Early-phase trials investigating novel agents in miscellaneous B-cell malignancies

Large B-cell lymphoma: subcutaneous epcoritamab

The prognosis is still poor for most patients with relapsed or refractory large B-cell lymphoma (LBCL) irrespective of therapeutic advances that have recently been achieved. There is a need for convenient, efficacious, well-tolerated, and readily available treatment options. Epcoritamab, a subcutaneously administered bispecific antibody, has been designed to simultaneously bind to CD3 and CD20, thus inducing T-cell–mediated cytotoxic activity against CD20-positive, malignant B cells. The phase I/II EPCORE NHL-1 study was initiated to establish the recommended phase II dose and to assess the safety and efficacy of subcutaneous epcoritamab, as well as pharmacokinetics and immune biomarkers, in patients with relapsed or refractory CD20-positive B-cell non-Hodgkin lymphoma (NHL). In the dose-escalation part, notable single-agent activity with clinically meaningful overall response rates (ORRs) and complete responses (CRs) was found, as well as a manageable safety profile [1].

Thieblemont et al. reported pivotal dose-expansion findings in patients with relapsed/refractory LBCL at EHA 2022 [2]. This cohort included 157 individuals with diffuse large B-cell lymphoma (DLBCL), high-grade B-cell lymphoma, primary mediastinal large B-cell lymphoma, and follicular lymphoma grade 3B. They had received ≥ 2 prior lines of antineoplastic therapy, including ≥ 1 anti-CD20 antibody.

This was a challenging-to-treat and highly refractory population. Primary refractory disease was present in 61 %, and 71 % had already been treated with ≥ 3 lines of therapy. Prior CAR-T cell therapy had been performed in 39 %, with 75 % of patients progressing within 6 months thereafter. The study treatment consisted of epcoritamab 48 mg QW in cycles 1-3, Q2W in cycles 4-9, and Q4W from cycle 10. ORR by independent review committee constituted the primary endpoint.

Deep and durable complete remissions

Single-agent epcoritamab demonstrated high response rates, with an ORR of 63 % and CRs in 39 %. Deep responses were achieved independent of age, disease subgroups, previous CAR-T­ therapy and response to it, and treatment lines (Figure 1). Epcoritamab was shown to drive deep and durable CRs. The majority of CRs were obtained by the time of the first or second assessment; however, some conversions from partial to complete remissions still took place at ≥ 36 weeks. The median duration of response for patients in CR had not been reached yet. At 9 months, 89 % of complete responders remained in CR.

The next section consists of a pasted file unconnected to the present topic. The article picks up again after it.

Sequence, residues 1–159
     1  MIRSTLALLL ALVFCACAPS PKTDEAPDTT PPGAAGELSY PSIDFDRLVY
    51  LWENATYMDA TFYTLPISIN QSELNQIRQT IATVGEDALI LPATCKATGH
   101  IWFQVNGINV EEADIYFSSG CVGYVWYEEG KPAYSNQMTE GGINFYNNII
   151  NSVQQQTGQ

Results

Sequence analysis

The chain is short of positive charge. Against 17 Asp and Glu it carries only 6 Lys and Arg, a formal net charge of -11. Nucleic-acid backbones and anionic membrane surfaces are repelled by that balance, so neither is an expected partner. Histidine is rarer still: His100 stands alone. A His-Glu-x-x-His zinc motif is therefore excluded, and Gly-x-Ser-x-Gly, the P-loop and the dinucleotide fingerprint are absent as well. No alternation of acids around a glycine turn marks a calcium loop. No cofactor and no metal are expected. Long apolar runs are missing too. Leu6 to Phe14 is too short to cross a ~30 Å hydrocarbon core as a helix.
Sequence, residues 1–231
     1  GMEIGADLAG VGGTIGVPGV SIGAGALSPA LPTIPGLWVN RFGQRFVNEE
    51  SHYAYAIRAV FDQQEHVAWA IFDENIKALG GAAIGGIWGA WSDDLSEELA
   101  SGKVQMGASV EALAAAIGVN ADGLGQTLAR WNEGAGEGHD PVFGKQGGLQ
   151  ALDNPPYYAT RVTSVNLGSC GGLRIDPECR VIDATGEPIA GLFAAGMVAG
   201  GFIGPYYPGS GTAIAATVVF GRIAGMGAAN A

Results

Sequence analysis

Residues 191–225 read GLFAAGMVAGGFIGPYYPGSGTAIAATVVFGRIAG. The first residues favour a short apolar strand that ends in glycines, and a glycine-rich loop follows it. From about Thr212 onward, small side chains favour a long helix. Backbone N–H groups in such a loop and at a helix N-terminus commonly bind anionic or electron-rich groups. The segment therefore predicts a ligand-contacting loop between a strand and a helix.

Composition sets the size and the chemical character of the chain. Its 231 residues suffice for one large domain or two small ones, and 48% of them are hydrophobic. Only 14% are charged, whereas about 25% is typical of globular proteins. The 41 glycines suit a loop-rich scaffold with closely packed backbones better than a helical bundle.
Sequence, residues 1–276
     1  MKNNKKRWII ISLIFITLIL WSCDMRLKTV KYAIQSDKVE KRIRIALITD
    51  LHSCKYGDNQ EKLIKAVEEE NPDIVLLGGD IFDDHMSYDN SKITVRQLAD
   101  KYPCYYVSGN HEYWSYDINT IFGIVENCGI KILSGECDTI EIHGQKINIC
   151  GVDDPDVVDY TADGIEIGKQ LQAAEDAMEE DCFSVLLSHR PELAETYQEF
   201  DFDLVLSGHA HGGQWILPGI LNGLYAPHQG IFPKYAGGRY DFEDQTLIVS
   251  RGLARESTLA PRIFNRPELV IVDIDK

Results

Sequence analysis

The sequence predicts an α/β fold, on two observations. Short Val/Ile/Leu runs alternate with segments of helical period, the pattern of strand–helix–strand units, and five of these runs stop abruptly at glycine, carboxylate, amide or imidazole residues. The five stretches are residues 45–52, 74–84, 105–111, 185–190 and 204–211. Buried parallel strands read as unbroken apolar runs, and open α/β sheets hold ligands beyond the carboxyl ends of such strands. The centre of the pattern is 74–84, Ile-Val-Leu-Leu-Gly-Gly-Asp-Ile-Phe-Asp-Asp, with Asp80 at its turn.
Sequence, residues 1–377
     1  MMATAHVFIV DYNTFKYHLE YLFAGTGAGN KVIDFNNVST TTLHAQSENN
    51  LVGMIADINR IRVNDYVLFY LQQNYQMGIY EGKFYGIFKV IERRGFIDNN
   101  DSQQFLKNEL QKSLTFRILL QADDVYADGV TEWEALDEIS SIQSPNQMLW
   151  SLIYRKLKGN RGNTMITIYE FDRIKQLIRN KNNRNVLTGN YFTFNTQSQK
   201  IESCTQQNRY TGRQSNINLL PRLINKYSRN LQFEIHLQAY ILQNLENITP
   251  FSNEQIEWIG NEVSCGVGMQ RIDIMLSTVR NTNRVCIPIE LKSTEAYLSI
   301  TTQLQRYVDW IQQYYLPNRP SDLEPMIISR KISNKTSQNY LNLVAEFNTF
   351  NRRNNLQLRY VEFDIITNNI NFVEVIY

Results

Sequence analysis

Progression-free survival (PFS) varied according to best response; in the group with CR, it had not been reached yet, while it was 4.4 months in the entire group. Overall survival (OS) data were immature, with a 12-month OS rate of 56.9 %. Minimal residual disease (MRD) negativity resulted in 45.8 % in the total population. An exploratory ctDNA analysis demonstrated that MRD-negative responses were durable and correlated with PFS.

Moreover, epcoritamab was shown to be well tolerated. Most adverse events (AEs) were low grade and occurred early in treatment, in cycles 1-3. Among treatment-emergent AEs, cytokine-release syndrome was observed most commonly, but was mainly grade 1/2 and predictable, with events mainly seen after the first full dose. Ten patients (6.4 %) experienced immune effector cell-associated neurotoxicity syndrome. In 9 cases, these were grade 1 and 2 and resolved, while 1 patient died, which was confounded by multiple factors. The analysis yielded few discontinuations due to AEs (7 %); 32 % of patients remained on treatment. In all, epcoritamab is well tolerated and drives deep and durable responses in challenging-to-treat, highly refractory patients with relapsed/refractory LBCL.